Right from the start the book lacks a smooth flow and a sense of purpose. It rambles on and on about the greatness of all things irrelevant (from the exam point of view). The chapter on architecture never seems to end and before we know it we are being told about the parameters and bad practices when it is not clear in the first place what constitutes an architecture. The authors chose to quote some standard definitions but that does not cut it.
There is a chapter on UML which doesn't state anything in precise terms. This is the trend through out the book.
There is a chapter on design patterns and this is an example of how not to teach things. The authors write tons and tons of code detailing what could have been explained by a simple UML diagram. After all UML is on the exam and the chapter on UML precedes the chapter on design patterns. Most of the examples are meaningless.
Then there is a chapter on legacy connectivity which talks about JCA in the text but asks questions about everything non-JCA! This is written for somebody who is aware of JCA. This is not required for the exam. Since I was new to subject matter, I read the specification which like most specs from Sun is really written well and was an easy reading. When I went back to the book, things made sense.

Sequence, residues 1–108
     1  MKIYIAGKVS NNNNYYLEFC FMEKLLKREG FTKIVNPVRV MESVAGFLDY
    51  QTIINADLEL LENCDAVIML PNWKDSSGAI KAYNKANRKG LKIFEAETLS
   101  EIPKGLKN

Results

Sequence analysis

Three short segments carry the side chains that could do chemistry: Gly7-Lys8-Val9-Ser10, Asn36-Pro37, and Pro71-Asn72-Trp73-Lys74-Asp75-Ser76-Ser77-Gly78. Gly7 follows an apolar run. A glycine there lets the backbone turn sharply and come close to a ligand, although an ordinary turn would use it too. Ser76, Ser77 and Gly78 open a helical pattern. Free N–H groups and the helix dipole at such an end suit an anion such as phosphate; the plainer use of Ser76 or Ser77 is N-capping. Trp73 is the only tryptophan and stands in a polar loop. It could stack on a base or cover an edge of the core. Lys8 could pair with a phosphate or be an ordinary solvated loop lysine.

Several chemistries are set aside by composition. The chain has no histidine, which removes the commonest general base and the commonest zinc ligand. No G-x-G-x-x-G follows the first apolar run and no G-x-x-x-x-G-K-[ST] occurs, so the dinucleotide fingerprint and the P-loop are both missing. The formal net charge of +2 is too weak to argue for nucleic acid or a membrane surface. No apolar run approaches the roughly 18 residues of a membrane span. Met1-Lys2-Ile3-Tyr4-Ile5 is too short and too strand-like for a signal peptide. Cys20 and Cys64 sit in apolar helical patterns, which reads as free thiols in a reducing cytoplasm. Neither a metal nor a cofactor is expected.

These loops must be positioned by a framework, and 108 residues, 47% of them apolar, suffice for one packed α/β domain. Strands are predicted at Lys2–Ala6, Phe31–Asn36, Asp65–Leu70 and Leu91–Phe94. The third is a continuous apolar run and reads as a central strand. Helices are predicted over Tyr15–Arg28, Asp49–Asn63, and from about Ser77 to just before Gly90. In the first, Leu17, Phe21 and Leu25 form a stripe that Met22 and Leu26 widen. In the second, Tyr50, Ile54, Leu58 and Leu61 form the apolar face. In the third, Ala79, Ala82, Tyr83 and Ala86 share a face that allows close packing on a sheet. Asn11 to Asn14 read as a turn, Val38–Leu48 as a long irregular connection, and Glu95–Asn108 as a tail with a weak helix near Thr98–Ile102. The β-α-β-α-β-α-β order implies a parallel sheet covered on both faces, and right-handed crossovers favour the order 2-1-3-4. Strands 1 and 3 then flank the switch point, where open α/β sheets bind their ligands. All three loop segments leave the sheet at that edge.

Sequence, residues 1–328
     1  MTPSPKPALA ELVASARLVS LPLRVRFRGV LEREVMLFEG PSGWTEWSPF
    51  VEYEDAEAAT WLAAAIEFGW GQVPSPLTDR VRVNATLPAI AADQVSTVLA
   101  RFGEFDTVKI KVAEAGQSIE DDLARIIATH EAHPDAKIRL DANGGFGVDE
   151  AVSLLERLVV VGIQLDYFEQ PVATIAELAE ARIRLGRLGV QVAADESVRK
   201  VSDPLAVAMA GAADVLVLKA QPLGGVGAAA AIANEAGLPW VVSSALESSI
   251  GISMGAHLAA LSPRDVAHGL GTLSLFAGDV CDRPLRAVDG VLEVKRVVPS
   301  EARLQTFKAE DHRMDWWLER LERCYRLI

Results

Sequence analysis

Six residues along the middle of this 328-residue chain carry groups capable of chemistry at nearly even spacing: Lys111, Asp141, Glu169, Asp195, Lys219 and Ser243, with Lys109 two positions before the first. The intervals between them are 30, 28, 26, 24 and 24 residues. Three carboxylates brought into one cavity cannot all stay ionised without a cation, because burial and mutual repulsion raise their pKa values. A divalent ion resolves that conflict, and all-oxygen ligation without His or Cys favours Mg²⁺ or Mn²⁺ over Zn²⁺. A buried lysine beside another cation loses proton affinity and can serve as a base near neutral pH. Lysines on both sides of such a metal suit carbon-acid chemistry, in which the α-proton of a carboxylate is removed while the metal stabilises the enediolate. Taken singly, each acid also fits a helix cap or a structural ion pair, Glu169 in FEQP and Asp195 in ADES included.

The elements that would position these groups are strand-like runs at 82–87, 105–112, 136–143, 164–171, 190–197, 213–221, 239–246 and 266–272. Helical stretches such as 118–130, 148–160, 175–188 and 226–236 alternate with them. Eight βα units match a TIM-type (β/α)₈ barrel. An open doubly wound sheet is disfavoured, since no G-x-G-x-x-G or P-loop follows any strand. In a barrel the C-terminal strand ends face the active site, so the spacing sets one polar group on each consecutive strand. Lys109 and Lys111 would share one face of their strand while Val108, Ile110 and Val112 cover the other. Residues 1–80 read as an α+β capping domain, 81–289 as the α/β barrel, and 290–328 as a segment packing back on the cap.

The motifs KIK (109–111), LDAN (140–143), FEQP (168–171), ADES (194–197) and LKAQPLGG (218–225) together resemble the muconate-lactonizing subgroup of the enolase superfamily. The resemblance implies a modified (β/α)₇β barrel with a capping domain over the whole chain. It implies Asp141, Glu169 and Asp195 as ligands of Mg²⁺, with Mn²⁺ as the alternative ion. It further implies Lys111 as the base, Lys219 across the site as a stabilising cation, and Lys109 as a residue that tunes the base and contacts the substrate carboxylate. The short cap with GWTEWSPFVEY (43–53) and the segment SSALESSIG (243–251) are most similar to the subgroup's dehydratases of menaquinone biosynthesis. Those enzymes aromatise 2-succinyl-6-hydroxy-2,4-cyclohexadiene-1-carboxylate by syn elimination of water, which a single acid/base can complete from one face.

The same patterns are repeated in the chapters on Security, EJB and Internationalization.
If I were to do it again, I wouldn't even touch this book. The books by Richard Monson-Hafael and Cade and Roberts are more than sufficient for the exam. For everything else, there is the spec which should be read at some point anyway.
Most people who take this exam are short of time and the kind of useless diversions offered by the book only waste time.
This examination resembles written exams taken by medical students where the subject matter is vast and trying to cover everything leads to a shallow knowledge. Just as there, the goals here are very clear and if one focuses on knowing the key points, one can reconstitute all the other material by reasoning. This book fails to emphasize the key points. Cade and Roberts do exactly that and that is the difference between a good book and this which is destined to be a door stop.